While "Mr. Magorium's Wonder Emporium" is an original screenplay, it FEELS like it is adapted from a children's story. More precisely, the film is a kinder, gentler "Willy Wonka" that feels much like a re-interpretation of the Roald Dahl book upon which it is based.
Rest assured, however, that "Mr. Magorium's Wonder Emporium" is an original film, obviously by a writer who has openly acknowledged being influenced by the more gentle, whimsical and imaginative authors of children's literature. While it is inevitable that one will reflect upon films ranging from "Willy Wonka" to "The Wizard of Oz" to Barry Levinson's "Toys," Helm's film never feels so much like a rip-off as it does a faithful, if every rather light, homage to its predecessors.
Hoffman, whose acting career is practically a parade of uniquely envisioned characterizations, courageously dives into the role of Mr. Magorium, a delightfully eccentric man who entirely believes he is 243-years-old (because he is!) and who lives his days inside his toy store in a constant state of wonder and merriment. Hoffman's characterization, on a certain level, brings to mind his wonderful turn in "Rain Man," but in this film Hoffman is allowed to play, come to life, emote and celebrate the wonders he is experiencing all around him.
This is not to say that each of these scenes successfully manifests the desired level of wonder and magic. Sadly, they don't. Scenes, for example, in which Molly escorts Mr. Magorium around town to experience a variety of simple wonders often feels forced and slightly flat. As Mr. Magorium was celebrating the wonders of bubble-pak, one couldn't help but reflect upon Tom Hanks' wonderful piano dancing in the more innocent and celebratory "Big," a film that more successfully evoked the innocence for which "Mr. Magorium's Wonder Emporium" seems to be aiming.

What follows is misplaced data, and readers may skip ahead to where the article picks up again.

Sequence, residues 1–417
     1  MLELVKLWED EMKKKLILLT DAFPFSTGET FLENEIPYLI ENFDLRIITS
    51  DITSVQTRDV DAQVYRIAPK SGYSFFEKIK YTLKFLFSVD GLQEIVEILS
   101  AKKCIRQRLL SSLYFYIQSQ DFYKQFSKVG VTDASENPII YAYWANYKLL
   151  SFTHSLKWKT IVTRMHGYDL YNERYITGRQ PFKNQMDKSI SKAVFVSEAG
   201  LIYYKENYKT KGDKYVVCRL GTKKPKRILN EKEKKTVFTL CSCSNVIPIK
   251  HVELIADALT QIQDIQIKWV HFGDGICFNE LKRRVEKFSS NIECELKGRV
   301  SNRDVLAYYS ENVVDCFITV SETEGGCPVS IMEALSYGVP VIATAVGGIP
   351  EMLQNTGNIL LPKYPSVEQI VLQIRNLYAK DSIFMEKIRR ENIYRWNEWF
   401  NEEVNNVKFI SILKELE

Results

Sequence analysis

Yet, despite Helm's inability to make "Mr. Magorium's Wonder Emporium" quite as magical as it ought to be, the film still celebrates childhood more faithfully than the vast majority of children's films in recent history.
Even when the scene occasionally betrays him, Hoffman is wonderfully endearing as Mr. Magorium. Hoffman's Magorium is an innocent, childlike, faithful and loving man without a hint of impropriety or hidden agenda.
Indeed, what may challenge the box-office potential of "Mr. Magorium's Wonder Emporium" more than anything is that it is completely devoid of anything resembling interpersonal conflict or evil. Instead, the film is filled to the brim with love for its characters, respect for children and appreciation for those who are different.
It's no secret that respect and dignity don't typically add up to big box-office numbers!